Regulation Best Interest, born of a long debate over the appropriate standard to govern recommendations by broker-dealers, is now the subject of an OCIE Risk Alert. The staff is preparing to launch its first inspection for compliance with Regulation Best Interest following the June 30, 2020 required compliance date, according to Alert April 7, 2020 Alert (here). While the Commission has adjusted some obligations in view of the virus driven shelter in place orders that govern much of the country, Chairman Clayton has made it clear that the deadline for Regulation Best Interest will not be extended.
The initial Regulation Best Interest examinations will focus on whether a good faith effort has been made to implement the regulation. The assessment will be made through an evaluation of the design of the policies and procedures used by the entity to implement the regulation, reflected in part by the related materials.
The goal of Regulation Best Interest is to assure that when “making a recommendation of any securities transaction or investment strategy . . . to a retail customer a broker-dealer . . . . [acts] in the best interest of the retail customer . . .” This obligation is measured by four broad points which constitute the framework of the coming OCIE inspections:
Disclosure Obligation: Prior to making a recommendation this obligation requires the disclosure of all material facts regarding the relation with the customer, including any conflicts tied to the recommendation. The disclosures should include limitations on the strategy being recommended as well as the related fees and costs. Compliance with the obligation will be assessed in part by an examination of the related documents and schedules which may include a review of the broker’s compensation associated with the recommendation, materials related to monitoring and an assessment of proprietary products sold to retail customers.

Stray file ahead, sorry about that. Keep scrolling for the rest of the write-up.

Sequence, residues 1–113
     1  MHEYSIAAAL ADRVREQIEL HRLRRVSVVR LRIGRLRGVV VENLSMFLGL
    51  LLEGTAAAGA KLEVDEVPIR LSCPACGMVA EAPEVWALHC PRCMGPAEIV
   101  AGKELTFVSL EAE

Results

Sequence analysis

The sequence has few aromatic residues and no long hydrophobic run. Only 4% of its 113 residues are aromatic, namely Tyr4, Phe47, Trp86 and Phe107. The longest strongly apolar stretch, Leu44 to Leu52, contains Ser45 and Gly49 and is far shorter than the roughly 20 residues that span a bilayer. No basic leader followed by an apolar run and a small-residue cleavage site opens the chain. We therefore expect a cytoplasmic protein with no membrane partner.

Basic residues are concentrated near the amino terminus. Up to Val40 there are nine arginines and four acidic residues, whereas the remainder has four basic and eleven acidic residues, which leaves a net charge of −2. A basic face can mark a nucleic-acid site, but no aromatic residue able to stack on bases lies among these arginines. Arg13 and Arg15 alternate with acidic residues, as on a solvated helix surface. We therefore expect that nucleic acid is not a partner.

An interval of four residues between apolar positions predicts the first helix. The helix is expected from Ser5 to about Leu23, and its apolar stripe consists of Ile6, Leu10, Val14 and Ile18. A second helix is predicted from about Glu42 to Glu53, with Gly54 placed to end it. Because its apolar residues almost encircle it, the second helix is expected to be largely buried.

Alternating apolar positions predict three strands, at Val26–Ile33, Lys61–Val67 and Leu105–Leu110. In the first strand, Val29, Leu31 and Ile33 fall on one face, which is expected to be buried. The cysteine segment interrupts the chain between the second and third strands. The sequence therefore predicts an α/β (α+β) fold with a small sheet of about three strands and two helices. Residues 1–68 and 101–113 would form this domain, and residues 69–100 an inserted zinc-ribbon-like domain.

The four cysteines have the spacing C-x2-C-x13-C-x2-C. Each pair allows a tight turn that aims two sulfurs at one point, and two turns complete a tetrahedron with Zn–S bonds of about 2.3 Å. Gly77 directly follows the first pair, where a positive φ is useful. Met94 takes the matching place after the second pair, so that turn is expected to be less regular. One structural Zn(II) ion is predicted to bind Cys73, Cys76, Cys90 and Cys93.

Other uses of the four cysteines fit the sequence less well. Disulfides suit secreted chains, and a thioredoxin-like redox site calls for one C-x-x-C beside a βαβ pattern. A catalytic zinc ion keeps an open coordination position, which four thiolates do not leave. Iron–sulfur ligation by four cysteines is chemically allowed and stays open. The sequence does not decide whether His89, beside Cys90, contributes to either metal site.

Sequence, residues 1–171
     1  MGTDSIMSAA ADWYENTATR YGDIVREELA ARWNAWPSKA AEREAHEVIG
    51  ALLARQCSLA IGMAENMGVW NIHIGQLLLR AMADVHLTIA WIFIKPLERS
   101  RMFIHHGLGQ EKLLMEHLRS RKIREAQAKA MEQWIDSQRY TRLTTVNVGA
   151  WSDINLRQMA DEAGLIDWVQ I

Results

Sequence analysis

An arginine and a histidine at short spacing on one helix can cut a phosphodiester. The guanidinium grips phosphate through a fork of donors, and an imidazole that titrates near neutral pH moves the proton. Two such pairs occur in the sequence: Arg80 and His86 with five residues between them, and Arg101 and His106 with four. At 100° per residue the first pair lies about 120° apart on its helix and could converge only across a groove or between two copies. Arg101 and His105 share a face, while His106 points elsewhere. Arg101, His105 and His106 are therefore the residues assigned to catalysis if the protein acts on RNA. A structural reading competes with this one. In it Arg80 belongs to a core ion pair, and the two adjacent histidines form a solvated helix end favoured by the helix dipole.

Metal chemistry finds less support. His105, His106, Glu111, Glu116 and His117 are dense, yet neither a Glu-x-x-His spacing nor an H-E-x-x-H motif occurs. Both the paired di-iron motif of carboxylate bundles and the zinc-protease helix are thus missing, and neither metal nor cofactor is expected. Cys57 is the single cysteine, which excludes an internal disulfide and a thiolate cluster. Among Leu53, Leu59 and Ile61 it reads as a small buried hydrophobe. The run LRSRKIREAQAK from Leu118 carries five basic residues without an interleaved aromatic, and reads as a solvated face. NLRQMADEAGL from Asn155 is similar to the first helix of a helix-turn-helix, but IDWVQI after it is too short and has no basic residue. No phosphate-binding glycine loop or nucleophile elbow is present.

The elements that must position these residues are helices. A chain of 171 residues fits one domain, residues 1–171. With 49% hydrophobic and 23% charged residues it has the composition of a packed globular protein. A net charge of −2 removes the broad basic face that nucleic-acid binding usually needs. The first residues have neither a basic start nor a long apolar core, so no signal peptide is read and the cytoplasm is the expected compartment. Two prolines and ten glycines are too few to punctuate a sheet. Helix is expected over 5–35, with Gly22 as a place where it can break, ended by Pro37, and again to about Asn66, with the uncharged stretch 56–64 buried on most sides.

Care Obligation: This obligation requires the broker-dealer to exercise reasonable diligence, skill and care in making a recommendation. It includes discussing the potential risks and rewards as well as the costs. The obligation may be reflected in correspondence and any agreement with the customers as well as materials relating to the predicate for the recommendation and its reasonable basis. Other materials to be examined include those related to the manner in which the broker makes recommendations for complex and/or risky investments or securities.
Conflict of Interest Obligation: In view of this obligation the broker dealer must establish and maintain policies and procedures to address conflicts associated with its recommendations to retail customers. Key documents tied to this obligation include those which identify and relate to incentives that would cause the broker to put the interest the broker or firm before that of the client. Also included are those associated with material limitations of the securities or investment strategy. In addition, material will be examined regarding the elimination of items such as sales contests, quotas and similar matters. Other materials to be examined include those which establish the structure for identifying conflicts and those tied to mitigation and disclosure.
Compliance Obligation: This obligation requires the broker-dealer to establish and maintain written policies and procedures to achieve compliance with Regulation Best Interest. Documents related to this point include materials tied to the related controls for the policies and procedures, those relating to the promotion of compliance and the remediation of noncompliance as well as training.
Finally, the point of the Alert is to encourage compliance with the Regulation. The Alert was prepared in the interest of transparency to help achieve that goal. Attached to the Alert is a sample document request.